Guwahati, Feb 14 (IANS): The opposition Congress and other organisations including those from the Muslim community on Thursday lashed out against Assam Education Minister Himanta Biswa Sarma’s statement that the state-run madrasas and Sanskrit tols (centres of learning) would be closed down.
“This is totally undemocratic, unconstitutional. It is Biswa Sarma’s personal view, because the cabinet has not taken any decision. He has deliberately made the remarks to create confusion, and divert the attention of the people from the real issues,” Bora told IANS.
Sarma on Wednesday said the state-run madrasas and Sanskrit tols would be wound up within the next three to four months and the teachers would get their salaries sitting at home till they reach the age of retirement. He said there were 1,200 madrasas and 200 Sanskrit tols run by the state government, and they would be converted into high and higher secondary schools and give lessons on regular courses.
The minister, however, said the government has no problem with the private madrasas and Sanskrit tols which can be there, but “we will ensure they operate within a regulatory framekwork by introducing a new law”.
“If someone is teaching religion using his or her own money then there is no problem, but if Holy Quran is taught using state funds, then we have to teach Gita and Bible as well. The state government is a secular entity. It cannot fund organisations involved in religious teaching,” he said.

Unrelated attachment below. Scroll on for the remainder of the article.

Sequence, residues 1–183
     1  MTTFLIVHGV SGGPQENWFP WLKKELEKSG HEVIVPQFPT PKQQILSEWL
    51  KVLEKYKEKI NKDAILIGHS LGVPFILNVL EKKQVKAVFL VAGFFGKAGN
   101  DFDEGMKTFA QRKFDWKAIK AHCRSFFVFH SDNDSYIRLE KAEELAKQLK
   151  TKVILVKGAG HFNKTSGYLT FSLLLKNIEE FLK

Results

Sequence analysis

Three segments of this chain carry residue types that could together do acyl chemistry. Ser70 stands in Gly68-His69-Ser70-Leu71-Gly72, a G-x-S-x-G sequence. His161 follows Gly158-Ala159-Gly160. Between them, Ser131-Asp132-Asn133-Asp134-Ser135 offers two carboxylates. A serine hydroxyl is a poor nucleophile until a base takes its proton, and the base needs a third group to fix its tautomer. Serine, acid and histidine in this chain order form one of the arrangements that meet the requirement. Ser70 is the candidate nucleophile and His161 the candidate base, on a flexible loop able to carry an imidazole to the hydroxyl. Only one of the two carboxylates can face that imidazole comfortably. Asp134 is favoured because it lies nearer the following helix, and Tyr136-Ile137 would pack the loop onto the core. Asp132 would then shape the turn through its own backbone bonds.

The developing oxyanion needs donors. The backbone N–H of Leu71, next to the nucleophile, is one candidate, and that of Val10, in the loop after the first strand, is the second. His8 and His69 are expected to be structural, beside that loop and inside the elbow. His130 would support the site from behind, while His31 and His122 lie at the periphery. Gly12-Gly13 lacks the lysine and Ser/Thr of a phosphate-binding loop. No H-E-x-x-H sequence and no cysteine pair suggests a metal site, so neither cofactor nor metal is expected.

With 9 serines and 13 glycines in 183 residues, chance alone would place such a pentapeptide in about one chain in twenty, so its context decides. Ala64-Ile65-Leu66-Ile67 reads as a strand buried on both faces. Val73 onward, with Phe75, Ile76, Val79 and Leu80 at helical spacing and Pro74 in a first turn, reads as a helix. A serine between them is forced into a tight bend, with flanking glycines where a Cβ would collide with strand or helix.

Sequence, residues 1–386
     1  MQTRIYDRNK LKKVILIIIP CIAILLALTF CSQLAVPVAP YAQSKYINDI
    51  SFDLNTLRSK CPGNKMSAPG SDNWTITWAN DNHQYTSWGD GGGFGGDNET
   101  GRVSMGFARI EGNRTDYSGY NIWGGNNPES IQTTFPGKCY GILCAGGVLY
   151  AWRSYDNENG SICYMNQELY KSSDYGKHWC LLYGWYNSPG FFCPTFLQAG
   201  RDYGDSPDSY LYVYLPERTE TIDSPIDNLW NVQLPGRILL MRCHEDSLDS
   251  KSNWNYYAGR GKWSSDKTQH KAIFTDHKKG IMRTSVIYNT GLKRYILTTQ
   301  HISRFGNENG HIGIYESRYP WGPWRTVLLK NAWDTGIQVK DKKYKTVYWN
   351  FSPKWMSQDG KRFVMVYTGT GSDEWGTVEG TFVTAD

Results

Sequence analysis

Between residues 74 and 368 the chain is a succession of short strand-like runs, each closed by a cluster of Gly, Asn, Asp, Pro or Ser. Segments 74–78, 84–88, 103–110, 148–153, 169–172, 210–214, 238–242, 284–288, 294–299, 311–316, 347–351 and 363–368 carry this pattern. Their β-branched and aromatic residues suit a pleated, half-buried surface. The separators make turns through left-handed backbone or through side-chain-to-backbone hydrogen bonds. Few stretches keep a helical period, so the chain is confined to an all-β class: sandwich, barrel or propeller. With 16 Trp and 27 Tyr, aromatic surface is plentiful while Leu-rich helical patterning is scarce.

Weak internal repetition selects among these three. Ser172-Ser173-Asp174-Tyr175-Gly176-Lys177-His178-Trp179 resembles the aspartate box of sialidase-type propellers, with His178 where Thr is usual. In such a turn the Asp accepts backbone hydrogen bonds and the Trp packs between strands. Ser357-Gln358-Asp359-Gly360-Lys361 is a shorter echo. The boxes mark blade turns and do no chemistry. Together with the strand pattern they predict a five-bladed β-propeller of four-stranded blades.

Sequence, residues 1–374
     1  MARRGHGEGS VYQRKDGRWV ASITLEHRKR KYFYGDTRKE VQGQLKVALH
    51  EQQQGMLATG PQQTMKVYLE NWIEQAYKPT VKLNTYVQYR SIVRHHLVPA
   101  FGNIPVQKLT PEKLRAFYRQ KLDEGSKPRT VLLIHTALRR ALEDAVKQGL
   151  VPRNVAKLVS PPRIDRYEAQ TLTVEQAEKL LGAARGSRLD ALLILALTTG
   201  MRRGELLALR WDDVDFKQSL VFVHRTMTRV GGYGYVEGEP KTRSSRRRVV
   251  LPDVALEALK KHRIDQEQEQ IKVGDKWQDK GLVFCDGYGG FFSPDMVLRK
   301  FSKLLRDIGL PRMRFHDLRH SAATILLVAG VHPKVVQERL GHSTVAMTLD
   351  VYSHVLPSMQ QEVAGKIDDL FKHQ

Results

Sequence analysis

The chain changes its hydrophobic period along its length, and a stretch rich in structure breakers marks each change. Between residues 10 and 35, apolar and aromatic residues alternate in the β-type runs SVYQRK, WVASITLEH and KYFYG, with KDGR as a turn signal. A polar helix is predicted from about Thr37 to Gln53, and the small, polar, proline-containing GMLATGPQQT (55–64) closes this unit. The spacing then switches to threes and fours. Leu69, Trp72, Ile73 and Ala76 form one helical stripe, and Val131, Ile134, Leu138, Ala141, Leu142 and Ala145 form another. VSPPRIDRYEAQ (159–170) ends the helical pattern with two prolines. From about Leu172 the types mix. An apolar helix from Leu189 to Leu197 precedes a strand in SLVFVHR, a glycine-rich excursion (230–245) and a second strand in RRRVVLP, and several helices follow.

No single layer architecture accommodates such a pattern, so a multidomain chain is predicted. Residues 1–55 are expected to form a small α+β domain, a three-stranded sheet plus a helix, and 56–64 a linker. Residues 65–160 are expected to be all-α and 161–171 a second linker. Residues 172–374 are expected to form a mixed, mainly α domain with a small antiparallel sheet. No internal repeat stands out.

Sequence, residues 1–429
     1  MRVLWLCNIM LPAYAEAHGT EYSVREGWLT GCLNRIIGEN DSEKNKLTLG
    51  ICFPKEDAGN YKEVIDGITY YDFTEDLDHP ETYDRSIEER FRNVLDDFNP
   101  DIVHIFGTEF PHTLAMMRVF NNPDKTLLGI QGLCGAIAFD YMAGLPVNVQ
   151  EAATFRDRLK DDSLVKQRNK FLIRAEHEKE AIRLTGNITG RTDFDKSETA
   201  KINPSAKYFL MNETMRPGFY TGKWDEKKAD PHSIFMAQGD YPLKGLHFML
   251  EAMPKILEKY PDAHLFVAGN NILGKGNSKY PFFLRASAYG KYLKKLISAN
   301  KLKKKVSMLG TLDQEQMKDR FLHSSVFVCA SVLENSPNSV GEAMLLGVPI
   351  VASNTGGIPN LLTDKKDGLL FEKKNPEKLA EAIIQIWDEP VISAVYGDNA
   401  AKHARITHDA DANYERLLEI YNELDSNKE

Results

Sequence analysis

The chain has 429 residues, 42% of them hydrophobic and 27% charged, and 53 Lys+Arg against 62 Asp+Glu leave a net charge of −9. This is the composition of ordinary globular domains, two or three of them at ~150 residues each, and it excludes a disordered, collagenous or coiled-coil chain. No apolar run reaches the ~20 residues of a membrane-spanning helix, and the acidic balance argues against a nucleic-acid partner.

Bora said in a secular and democratic country, one cannot talk in such manner.
“The madrasas are under the Secondary Board of Education Assam (SEBA). They teach the course prescribed by SEBA. The students there learn science, mathematics, education, as also computer. Only Arabic is taught as a subject. What is the harm if pupil learn Arabic?” he asked.
“We condemn his remarks. If the government takes this decision officially, then Congress will oppose it in the court of law because Article 28 and 30 of the Indian Constitution clearly states that there is no bar in teaching any language,” he added.
The Assam State Jamiat Ulema-e-Hind, an organisation of Islamic scholars, has also threatened to take legal action.
Maulana Fazlul Karim, state secretary of the Jamiat, argued that by learning Arabic as a foreign language, many students grow up to become doctors and engineers and get jobs in the Middle East countries.